Efficiency in Forklift Fleet Management – Saving on Costs

Efficiency in Forklift Fleet Management – Saving on Costs

With renewable energy moving to the forefront of mainstream energy consumption, now is a great time for forklift fleet managers to take steps to lower their carbon footprint, which can also improve energy efficiency and cost. “Going green” doesn’t mean you have to choose between saving money, conserving natural resources, or protecting the environment. Fortunately, you can have your cake and it eat, too.

Assess

The first forklift, built in 1917, was powered with gasoline. Nearly 90 years later, most lifts are still powered with gasoline, and their efficiency levels cover a broad spectrum. “Efficient” for one model might be wasteful for another, meaning it is out of tune. Trucks should be serviced every 250 hours of work and checked for proper emissions. This might sound simple, but an out-of-tune truck can dump far more wasteful emissions than it should into the air and will eventually cost more to fix; thus, negatively affecting other energy usage within the warehouse.

Decrease Emissions

Have all trucks in a fleet tuned – the euphemism “a well-oiled machine” didn’t come about by accident. A technician can use a gasoline analyzer to best identify the worst offenders, and then a fleet manager can act accordingly. Besides tuning the engine, swapping out an internal combustion engine for a Compressed Natural Gas (CNG) engine can save up to 80% of carbon emissions. The CNG system isn’t an overly expensive replacement, but it does require having a filling station on site. Even with an on-site filling station, the CNG engine is incredibly cost-effective because the fleet can keep the same trucks and greatly lower emissions.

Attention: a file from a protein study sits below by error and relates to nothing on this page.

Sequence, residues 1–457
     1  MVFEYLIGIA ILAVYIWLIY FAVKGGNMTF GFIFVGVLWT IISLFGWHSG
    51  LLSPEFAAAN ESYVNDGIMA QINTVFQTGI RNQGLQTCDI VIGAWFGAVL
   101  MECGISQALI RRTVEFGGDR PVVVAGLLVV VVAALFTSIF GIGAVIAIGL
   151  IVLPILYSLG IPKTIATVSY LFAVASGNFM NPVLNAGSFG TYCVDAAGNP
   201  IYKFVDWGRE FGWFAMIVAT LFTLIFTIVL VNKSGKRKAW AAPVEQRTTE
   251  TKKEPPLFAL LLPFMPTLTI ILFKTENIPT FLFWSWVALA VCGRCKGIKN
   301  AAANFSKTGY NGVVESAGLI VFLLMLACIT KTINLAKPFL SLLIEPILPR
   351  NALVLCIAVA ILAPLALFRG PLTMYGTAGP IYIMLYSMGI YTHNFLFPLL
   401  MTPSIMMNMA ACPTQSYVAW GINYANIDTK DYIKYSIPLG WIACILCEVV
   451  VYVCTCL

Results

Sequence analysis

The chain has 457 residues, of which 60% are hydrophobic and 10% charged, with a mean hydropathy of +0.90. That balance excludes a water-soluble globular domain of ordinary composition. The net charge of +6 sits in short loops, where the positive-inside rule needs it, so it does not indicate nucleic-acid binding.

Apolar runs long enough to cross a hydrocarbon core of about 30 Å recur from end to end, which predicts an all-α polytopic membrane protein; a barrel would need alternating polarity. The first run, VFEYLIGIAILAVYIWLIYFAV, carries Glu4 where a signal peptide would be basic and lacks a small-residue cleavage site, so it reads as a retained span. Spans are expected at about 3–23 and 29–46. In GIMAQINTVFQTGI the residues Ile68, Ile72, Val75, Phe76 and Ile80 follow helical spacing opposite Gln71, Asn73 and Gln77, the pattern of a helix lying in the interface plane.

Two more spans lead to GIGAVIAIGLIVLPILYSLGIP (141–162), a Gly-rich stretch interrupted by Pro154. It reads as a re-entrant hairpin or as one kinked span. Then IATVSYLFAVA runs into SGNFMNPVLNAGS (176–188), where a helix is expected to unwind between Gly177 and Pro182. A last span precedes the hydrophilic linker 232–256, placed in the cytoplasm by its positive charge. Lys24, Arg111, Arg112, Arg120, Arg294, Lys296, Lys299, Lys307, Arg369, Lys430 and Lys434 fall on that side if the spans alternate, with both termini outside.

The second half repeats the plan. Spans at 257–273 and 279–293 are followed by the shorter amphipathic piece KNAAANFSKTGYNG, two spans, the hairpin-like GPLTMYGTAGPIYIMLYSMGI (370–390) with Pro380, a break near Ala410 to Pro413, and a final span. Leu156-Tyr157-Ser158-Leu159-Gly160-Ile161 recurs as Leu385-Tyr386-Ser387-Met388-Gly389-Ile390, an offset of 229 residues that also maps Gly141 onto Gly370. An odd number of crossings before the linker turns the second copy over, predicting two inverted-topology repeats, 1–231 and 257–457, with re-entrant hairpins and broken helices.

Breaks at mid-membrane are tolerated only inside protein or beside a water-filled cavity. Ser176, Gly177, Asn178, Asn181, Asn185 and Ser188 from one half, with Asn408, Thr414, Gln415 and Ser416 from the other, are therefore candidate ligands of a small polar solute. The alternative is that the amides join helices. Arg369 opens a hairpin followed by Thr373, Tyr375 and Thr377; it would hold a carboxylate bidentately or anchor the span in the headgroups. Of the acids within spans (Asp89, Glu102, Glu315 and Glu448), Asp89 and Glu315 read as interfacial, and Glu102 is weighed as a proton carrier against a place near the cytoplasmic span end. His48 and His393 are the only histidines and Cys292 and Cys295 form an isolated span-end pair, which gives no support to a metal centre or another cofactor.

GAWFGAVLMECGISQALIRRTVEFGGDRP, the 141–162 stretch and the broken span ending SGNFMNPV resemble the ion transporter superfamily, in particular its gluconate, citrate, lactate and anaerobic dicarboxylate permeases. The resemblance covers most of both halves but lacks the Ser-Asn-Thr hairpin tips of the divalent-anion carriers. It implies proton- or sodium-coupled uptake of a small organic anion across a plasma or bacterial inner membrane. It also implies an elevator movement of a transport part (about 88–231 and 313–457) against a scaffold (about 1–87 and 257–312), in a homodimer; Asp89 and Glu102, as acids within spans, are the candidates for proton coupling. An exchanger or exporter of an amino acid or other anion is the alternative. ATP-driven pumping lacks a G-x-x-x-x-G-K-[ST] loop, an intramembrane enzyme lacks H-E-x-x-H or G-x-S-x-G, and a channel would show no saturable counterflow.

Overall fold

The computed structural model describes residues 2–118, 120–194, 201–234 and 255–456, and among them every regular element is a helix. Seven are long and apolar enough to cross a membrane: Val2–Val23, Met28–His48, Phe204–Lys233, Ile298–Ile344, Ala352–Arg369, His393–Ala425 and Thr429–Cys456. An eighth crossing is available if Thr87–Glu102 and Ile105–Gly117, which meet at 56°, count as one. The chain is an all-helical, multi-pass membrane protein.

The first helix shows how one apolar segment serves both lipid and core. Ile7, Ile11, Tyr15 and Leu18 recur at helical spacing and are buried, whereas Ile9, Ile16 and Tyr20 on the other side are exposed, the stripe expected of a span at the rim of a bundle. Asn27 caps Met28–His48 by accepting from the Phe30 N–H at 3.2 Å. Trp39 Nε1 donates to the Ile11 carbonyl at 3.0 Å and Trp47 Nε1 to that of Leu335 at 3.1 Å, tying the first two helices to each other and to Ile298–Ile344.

Electric Lifts

Want zero emissions while maintaining high performance levels within the fleet? Consider going electric. For every 10,000 hours of use, internal combustion engine-powered forklifts emit 120,000 more pounds of carbon emissions than electric-powered forklifts. Electric forklifts omit over one million pounds of pollution from ever entering the atmosphere. But, isn’t replacing a fleet with electric lifts expensive? What’s another positive to help with cost? Good questions! Electric forklifts generate very little heat compared to internal combustion forklifts. This reduces the strain on warehouse temperature-control units and the cost for cooling and air conditioning for the life of the truck. And, with electric forklifts, there are no engine, transmission or coolant fluid changes and no need to dispose of used fluids, oil or filters. One more selling point: truck maintenance is roughly about 30% of internal combustion engines. So, if a fleet is considering going green and wants to be able to stay in the black while doing so, there’s just no better time than the present.